A Baker’s Dozen Ways To Make Your Trade Show Booths Stronger
Here are my suggestions for how you can do a better job at your next trade show. Most of the steps aren’t expensive; they just take some planning and preparation, and a dose of good old common sense. Wisely applied to your trade show program, you’ll get more leads and a greater ROI by following this advice.
Participating successfully in a trade show can take a year to accomplish, so don’t shortchange your chances for success by rushing your schedule. Begin planning as soon as you know you want to exhibit at a particular show—ideally at least one year prior. That way, you’ll have time to do the rest of what I’m suggesting, so everything will go off smoothly, efficiently and cost effectively on the show floor.
2) Know Your Audience:
Talk to your best customers to find out which trade shows they attend. Research shows in your industry to determine which are the best fits for you and your prospective clientele. Find out where your competitors exhibit, and how long they’ve been doing so. Talk to show management and find out if your ideal prospects are signing up to attend.
3) Get Buy-In From The C-Suite:
Management can bless or curse your tradeshow plans, and that attitude will percolate down to everyone involved in the trade show booth project. As a first step, be sure to get them on your side. Also, try to get some of them to spend some time on the show floor. It’s a great closer for a prospect to get a chance to meet someone in upper management and ask a question or two.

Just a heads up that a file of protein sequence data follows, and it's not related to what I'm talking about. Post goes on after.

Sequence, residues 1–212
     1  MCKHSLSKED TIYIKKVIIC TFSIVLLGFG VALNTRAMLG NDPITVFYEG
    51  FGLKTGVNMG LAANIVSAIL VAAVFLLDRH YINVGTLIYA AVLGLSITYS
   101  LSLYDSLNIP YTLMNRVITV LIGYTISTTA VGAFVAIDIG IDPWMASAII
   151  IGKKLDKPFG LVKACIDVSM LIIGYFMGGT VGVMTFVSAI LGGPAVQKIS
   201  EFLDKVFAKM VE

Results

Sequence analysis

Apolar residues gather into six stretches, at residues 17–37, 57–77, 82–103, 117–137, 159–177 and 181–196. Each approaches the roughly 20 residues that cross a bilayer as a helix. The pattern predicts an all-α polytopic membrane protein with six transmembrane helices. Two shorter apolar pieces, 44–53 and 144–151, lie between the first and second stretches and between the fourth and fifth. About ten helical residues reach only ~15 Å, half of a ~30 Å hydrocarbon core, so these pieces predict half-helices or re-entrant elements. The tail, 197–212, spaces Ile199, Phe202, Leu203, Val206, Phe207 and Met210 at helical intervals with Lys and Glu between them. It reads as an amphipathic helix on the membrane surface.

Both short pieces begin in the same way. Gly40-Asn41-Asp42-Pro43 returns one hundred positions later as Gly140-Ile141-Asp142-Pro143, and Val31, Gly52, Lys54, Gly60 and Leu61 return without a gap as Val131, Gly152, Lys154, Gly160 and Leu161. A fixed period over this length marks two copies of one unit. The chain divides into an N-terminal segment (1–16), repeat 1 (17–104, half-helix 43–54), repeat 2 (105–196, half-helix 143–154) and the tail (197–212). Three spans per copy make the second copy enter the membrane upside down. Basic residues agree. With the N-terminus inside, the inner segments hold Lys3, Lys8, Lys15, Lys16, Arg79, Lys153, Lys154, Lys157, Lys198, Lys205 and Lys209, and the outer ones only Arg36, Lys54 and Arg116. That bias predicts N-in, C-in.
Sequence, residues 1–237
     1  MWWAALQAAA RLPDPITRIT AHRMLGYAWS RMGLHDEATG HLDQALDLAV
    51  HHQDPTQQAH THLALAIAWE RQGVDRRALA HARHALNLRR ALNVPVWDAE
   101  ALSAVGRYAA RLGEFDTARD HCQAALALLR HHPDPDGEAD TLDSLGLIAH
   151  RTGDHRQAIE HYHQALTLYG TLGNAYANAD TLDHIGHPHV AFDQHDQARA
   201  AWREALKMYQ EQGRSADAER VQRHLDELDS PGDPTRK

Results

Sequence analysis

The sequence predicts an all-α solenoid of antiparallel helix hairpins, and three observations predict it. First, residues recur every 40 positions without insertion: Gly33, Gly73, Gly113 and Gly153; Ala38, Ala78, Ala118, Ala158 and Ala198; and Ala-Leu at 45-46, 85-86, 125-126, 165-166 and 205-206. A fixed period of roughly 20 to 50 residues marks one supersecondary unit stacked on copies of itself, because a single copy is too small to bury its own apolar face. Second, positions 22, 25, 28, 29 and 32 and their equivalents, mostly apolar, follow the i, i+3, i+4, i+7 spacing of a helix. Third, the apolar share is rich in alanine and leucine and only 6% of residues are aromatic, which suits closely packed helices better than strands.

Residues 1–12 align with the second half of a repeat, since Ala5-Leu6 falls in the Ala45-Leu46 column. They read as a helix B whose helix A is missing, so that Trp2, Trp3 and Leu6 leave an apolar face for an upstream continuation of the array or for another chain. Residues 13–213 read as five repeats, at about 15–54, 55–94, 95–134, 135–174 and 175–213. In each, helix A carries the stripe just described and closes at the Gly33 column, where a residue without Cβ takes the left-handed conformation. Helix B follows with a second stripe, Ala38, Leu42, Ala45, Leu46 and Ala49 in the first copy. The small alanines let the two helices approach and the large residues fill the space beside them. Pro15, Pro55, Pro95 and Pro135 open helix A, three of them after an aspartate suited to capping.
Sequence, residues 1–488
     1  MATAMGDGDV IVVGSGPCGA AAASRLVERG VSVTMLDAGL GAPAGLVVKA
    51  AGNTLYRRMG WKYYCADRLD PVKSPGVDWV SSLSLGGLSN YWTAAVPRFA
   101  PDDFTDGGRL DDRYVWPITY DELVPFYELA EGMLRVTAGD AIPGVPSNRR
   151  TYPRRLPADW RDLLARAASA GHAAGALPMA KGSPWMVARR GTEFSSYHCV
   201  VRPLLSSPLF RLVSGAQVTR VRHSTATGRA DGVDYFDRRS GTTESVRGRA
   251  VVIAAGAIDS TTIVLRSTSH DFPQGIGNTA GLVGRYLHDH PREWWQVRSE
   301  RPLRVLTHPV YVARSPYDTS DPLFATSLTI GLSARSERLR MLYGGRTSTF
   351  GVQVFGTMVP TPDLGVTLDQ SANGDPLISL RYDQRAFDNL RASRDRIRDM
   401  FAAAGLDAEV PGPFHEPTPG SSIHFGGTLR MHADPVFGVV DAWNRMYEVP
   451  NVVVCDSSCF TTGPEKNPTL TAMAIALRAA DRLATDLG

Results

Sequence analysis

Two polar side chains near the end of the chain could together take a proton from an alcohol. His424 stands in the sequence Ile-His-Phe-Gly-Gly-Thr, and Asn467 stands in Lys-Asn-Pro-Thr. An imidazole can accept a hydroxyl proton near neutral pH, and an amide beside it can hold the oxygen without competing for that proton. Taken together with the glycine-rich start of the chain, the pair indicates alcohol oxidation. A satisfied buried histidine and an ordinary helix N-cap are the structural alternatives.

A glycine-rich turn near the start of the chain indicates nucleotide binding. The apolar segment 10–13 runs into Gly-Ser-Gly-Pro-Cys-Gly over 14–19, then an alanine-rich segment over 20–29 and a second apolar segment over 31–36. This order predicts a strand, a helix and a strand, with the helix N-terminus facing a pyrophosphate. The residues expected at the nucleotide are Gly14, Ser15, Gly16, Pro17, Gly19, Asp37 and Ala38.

4) Know Why You’re Going:
Being there just because your competitors are there isn’t a good enough reason. You need to create your own list of goals and objectives that you and your staff will focus on. This may be different for each show you attend, so don’t feel as if streamlining the process to create one master list is the best approach. Compare your goals list with your outcomes at previous shows. Is what you’re hoping to accomplish actually doable?
5) Place Your Orders Early:
All the things you’ll need for your trade show cost more the closer you get to show time. Don’t delay. This includes a new trade show display or graphics, of course, but also the mundane utilities you need to contract the exhibit hall for (electricity, phones, internet service, cleaning, florals, etc.).
If you’re going to need help with installation and dismantling, make those arrangements well ahead of time, too.
Most importantly, while you’re talking with show management, see if there’s an opportunity to get someone from your company to present a seminar or participate in a panel discussion.
Make sure your staffers know what your objectives and goals will be for the show. You can’t hold them responsible for accomplishing them if they don’t know what they are. Consider having them create their own objectives for the show, as well: how many contacts they’ll make, how many product demos they’ll do and how many leads they’ll be responsible for.
7) Pick Your People Carefully: